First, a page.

The Georgia State Writing Test has a rubric that measures students on four categories: ideas, organization, conventions, and style. These skills may all be important stepping stones to great writing, but let me ask you this: when was the last time you asked someone why they loved a favorite essay or story, and they said, “What really gets my juices flowing is when ideas are cogent and nicely organized, the grammar is correct, and the author varies his sentence structure and uses an impressive vocabulary!”
Yeah, right. Organization, grammar, and sentence structure may make a piece of writing intelligible, but they have very little to do with what makes a piece of writing great.
Because at Deep we believe that my students are capable of something much greater than merely intelligible writing, I have invented a new rubric for them that measures artistic merit, rather than mere competence. This rubric requires that their writing be three things:
- Vivid. As in, full of juicy, telling, laser-targeted details rather than lazy generalizations or safe clichés.
- Unique. In the true sense of the word–as in no one has ever, or could ever, say anything like this. Said another way: demonstrating a specific and memorable voice.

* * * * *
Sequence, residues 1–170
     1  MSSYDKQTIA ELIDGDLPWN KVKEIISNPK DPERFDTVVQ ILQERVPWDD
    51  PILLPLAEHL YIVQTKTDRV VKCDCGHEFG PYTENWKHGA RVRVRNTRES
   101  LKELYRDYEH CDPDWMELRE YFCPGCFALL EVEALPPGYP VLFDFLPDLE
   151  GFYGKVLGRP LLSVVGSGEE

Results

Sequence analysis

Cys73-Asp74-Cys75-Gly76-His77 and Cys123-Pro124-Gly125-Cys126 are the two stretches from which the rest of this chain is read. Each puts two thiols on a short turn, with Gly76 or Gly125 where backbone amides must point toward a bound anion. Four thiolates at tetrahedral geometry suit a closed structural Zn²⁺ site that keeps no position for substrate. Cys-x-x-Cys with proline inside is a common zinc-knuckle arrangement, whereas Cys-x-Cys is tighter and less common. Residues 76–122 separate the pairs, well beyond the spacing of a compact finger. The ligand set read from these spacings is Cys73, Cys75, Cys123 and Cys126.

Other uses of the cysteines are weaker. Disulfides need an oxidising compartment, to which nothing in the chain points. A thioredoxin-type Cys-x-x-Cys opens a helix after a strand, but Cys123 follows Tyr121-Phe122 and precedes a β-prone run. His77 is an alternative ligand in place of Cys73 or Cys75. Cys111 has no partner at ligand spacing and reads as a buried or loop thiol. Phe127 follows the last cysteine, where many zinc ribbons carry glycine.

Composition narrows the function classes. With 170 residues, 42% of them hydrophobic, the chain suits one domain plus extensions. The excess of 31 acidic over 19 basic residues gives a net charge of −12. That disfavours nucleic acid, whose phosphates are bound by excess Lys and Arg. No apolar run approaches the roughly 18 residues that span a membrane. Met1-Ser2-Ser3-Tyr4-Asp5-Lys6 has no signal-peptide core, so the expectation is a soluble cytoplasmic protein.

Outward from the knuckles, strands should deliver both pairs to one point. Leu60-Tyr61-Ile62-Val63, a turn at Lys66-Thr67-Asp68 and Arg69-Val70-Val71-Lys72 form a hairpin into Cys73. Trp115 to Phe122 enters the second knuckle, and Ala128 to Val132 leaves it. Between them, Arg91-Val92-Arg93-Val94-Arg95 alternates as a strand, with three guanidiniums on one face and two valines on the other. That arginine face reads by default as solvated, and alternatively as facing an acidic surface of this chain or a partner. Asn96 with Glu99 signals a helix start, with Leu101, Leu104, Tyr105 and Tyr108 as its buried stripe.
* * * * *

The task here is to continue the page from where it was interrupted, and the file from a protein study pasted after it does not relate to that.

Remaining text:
- Fearless. As in, honest (in the artistic sense, not necessarily the literal one) and willing to embrace humor, say unusual or unpopular things, be frank, challenge common beliefs, criticize oneself, and/or approach difficult topics.
I will be scoring students’ work on a pass-fail basis: students will be expected to work with peer and mentor feedback until their writing demonstrates all three of these qualities.
What do you think of this rubric? What else makes great writing? How would you encourage students to aim for brilliance, rather than just competence?
- Making Better Writers (edwardscottibur.com)
- Multiple Ways to Assess: Rubrics (allaccesspassblog.wordpress.com)
- Update to Course Rubric – Skill: Sensory Imagery (mrbfunk.wordpress.com)
- Grading with Rubrics in Writing-Intensive Courses (teacherlingo.com)
- Writing as mask, writing as revelation (trophos.wordpress.com)
- All about Assessment (keltchat.wordpress.com)
- Getting it Write. (heartofenglish.wordpress.com)
- A cure for bad teaching of writing (educationviews.org)